The peasants of the village of Łaziska and the surrounding area run a free farm. For cultivation they use a wooden plow “wędzłużkach” with a share and an iron mouldboard, ie the so-called Moravian and wooden harrow with iron teeth. For several years, instead of a grubber the rougue has been used. Because the hosts, due to the constantly practiced chapters, have little land, they do not leave fallow trees. Usually, barley is sown on the fertilizer, and after the harvest of barley, sow or rye is sown. Potatoes in the field are very little sown, mostly in gardens. In recent years, several clever hosts, seeing a beautiful, newly-established garden in the mansion, have also established a larger garden, bringing the strains from Klemensów.
A few years ago, a dozen apiaries carried out in the original way – in logs, in the last year almost all bees died out of the lack of honey for the winter. There are no fish farms. From the annual customs and ceremonies, we mention the following: After the New Year, they go with a goat and a star; the nativity scene currently does not exist in the villages. At Easter, “Easter eggs” also called “kraszankami” are made.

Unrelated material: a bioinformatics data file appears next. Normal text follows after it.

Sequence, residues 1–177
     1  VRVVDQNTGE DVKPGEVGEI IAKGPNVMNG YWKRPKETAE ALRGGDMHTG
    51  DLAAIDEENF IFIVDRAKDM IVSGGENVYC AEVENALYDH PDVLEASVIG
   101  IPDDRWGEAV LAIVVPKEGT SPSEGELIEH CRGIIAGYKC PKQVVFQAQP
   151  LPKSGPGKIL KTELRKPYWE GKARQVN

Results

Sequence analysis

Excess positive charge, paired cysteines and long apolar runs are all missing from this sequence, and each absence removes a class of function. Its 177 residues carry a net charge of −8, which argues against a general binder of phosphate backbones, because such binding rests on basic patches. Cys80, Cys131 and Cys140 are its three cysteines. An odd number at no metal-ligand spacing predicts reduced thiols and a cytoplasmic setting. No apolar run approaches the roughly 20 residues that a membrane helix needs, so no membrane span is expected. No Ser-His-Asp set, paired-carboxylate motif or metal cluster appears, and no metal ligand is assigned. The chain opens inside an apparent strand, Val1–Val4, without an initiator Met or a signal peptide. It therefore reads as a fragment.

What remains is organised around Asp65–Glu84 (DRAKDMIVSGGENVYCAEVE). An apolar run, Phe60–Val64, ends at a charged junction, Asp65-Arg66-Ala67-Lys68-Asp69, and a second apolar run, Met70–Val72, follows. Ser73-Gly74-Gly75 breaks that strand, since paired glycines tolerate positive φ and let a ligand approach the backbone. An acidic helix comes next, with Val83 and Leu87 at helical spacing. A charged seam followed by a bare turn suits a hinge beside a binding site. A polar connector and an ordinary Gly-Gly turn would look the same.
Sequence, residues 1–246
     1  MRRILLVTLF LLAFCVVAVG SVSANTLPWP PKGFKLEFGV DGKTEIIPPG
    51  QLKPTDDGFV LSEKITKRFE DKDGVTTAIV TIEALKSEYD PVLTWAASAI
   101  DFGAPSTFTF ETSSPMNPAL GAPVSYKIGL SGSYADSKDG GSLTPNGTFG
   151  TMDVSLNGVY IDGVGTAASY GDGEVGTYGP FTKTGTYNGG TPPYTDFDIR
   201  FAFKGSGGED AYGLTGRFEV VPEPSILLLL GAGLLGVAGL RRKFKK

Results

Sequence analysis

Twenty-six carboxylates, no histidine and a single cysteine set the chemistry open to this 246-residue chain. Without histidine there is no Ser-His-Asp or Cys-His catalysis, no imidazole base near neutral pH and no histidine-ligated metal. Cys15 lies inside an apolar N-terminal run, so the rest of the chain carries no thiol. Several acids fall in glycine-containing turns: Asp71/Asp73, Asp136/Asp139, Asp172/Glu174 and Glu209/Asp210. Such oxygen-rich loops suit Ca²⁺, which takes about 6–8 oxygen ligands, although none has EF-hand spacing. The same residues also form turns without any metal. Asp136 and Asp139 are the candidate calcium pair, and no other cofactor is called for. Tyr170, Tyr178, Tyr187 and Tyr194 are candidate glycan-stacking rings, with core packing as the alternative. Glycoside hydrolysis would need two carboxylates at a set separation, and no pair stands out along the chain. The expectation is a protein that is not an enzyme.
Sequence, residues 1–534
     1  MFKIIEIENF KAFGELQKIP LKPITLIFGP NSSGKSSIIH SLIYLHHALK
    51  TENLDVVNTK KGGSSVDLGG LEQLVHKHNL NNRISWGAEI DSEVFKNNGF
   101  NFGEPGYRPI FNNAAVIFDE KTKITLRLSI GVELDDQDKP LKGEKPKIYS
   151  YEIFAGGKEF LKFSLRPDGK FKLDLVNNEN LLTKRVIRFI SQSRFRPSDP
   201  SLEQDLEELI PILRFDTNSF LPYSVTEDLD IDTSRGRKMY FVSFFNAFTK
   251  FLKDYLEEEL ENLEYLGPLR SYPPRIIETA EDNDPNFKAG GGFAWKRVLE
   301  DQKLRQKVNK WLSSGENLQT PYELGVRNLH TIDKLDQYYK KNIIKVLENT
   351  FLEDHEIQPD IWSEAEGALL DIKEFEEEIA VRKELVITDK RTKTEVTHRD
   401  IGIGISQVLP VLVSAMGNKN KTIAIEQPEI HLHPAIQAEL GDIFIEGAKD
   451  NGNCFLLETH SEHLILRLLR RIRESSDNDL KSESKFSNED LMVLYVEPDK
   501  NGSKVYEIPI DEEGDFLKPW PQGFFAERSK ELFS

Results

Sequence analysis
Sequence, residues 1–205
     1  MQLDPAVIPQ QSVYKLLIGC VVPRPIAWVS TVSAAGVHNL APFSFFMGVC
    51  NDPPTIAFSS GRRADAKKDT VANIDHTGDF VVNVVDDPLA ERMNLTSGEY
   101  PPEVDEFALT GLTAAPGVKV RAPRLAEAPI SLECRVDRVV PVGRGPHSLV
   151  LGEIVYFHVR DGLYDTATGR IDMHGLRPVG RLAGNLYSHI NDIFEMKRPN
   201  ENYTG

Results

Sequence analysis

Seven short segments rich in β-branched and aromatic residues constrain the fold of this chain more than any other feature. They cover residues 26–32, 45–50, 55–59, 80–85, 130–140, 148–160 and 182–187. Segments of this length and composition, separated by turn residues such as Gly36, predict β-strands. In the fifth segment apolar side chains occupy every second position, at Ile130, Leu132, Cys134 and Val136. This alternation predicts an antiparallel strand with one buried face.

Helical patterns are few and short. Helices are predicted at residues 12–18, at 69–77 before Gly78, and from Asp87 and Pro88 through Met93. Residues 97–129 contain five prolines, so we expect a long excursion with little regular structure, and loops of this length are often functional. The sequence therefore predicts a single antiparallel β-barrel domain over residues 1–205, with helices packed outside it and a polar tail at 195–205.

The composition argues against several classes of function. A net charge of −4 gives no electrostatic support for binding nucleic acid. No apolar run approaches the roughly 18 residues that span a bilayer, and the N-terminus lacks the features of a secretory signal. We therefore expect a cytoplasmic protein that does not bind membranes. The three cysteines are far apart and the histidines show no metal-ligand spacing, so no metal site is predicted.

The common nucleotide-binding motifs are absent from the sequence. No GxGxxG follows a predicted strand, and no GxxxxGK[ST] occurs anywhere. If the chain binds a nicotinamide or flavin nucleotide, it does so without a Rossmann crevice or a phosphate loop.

The Harvest Festival (Dożynki) takes place in the following way: After getting to the grain, wreath a wreath of ears of wheat or rye and put it on the head of the most hard-working girl, and surround her in a circle, bring her to the court, singing the appropriate songs. The girl carrying the wreath puts it on the head of the host and dances around him three times, and older women utter the appeals and wishes for a happy ending of the harvest and for the coming year. For this, the host treats a whole crowd of workers with vodka, and gives the girls carrying wreaths a ruble. After that, the host brings music in the evening, and in the courtyard under the porch dances take place; it should be started by the host himself with the girl carrying the wreath. For a party, dumplings with buckwheat groats are baked, and curd with sour milk mixed together is prepared, in which guests dunk dumplings. Vodka is served, and in many places tea. The party usually lasts until after midnight. “
Thanks to this description, we can move back for over a hundred years. With our own imagination see such a village and people who are working there, peasants working on the farm, and maids spinning and dancing during the harvest festival.
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Miesięcznik Wisła rok 1902 tom 3